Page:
The words ‘accessible’ and ‘inclusive’ are popping up more and more – but what do they mean in an interiors context?
Ever more of us live in households with many ages under one roof, from our grandparents to the smallest family members. I know the feeling – I grew up with my grandma a mere staircase away (and loved every second of it).
Multi-generational living means our homes have to cater for a range of different needs, from safety to, I’ll say the word, inclusivity. And that’s not even taking into account that we, as society, are living longer too, so future proofing is a great idea in general.
But what does inclusivity mean? Well, in design, it’s creating schemes that include everyone and are safe to use, no matter how able bodied someone is.
This can be including anti-slip tiles, including a seat in the shower, or fitting the toilet a bit higher so it’s easier for less mobile family members to sit down.
It can also mean making a kitchen accessible for wheelchair users, which can be done in a whole host of clever ways.
Where to start, I hear you ask? Well, here is my lowdown on the key aspects you need to consider.
And before you worry: no, it will not look like a hospital.
Choose safe surfaces
Kitchens and bathrooms are wet environments, which makes it very easy to slip, trip and fall due to spills or simply lingering condensation – so reducing the accident risk is key here.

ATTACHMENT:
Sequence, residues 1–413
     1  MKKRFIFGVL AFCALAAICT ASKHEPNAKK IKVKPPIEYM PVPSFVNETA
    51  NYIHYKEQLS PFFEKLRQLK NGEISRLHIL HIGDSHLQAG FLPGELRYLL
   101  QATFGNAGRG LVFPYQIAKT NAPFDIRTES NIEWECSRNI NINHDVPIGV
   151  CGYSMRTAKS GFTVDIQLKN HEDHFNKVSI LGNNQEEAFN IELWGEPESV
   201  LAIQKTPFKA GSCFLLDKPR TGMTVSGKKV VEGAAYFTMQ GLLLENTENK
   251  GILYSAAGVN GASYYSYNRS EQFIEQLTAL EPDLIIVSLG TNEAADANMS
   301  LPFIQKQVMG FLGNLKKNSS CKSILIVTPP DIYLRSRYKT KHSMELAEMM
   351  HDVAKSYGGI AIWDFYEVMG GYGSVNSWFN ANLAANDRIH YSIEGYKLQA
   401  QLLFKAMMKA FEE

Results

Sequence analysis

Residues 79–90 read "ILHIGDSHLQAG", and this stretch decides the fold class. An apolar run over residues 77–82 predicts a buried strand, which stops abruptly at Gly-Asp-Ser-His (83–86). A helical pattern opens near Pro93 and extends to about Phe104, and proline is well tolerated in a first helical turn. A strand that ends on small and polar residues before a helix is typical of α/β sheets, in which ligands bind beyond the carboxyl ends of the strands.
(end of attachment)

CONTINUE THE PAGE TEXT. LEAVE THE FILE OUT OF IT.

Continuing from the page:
Vinyl is a good floor covering for a surer step, as it is naturally slip resistant, but porcelain tiles often also come with anti-slip properties.
They are rated on a scale starting at R9 – usually for smooth glazed with a matt finish – which means putting down a bath mat or towel is essential.
The highest rating is R13, which is what you’ll find around lidos, indoor pools, and in public showers. You know the type: not very easy to slip on, unless you ignore the rules and run.
Level the floors
For a fully accessible scheme, make sure there are no unnecessary steps and that the floors are even – this also directly helps you avoid trips over very low ledges.
Opt for flush-fitted shower trays, which also result in a very on-trend wetroom look – a win for everyone.
Think of the height
Sitting quite low might not be a problem for you, but it can be tricky to get back up for others – especially if they’re older or otherwise limited in their mobility.
In general, height is a key consideration to make sure your design is truly inclusive.
So hang the loo a bit higher, choose a basin with an integrated grab rail (or add one to your vanity), and everyone will be happy, safe, and independent.
Of course, you might face some trickier issues in the kitchen – but even there, designers have come up with some very clever accessible solutions.
You might think a wheelchair user can’t reach wall cabinets, but that’s not the case. There are very handy pull-down shelves, which you can simply (you guessed it) pull out and down to easily access even the highest shelf.
Rise-and-fall worktops are also great if you and a partner or family member have different needs, as you can easily adjust the height to suit whoever is using it.
And if you install ovens at the ideal height for a wheelchair user – which depends on how tall the person is, but around waist height is about right – they’ll be easy to use with no bending down for everyone else, too.